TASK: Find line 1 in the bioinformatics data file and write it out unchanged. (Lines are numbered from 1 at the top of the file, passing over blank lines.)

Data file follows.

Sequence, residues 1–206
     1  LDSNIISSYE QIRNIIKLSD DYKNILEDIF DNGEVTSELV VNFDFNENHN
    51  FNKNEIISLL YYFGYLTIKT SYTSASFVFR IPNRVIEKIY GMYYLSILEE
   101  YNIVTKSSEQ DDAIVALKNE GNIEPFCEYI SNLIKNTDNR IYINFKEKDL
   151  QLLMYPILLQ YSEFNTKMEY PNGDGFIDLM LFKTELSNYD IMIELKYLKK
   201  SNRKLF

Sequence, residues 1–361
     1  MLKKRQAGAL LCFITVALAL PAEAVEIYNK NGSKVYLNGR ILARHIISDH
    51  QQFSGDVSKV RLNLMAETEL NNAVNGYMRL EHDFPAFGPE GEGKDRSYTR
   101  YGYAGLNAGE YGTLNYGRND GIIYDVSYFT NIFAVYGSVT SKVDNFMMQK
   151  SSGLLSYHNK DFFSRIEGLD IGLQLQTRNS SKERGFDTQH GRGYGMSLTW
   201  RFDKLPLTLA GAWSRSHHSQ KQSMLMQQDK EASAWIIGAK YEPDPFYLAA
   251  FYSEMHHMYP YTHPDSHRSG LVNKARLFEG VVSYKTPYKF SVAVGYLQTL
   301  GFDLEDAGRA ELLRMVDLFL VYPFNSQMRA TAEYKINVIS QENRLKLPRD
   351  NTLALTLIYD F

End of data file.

Sequence, residues 1–206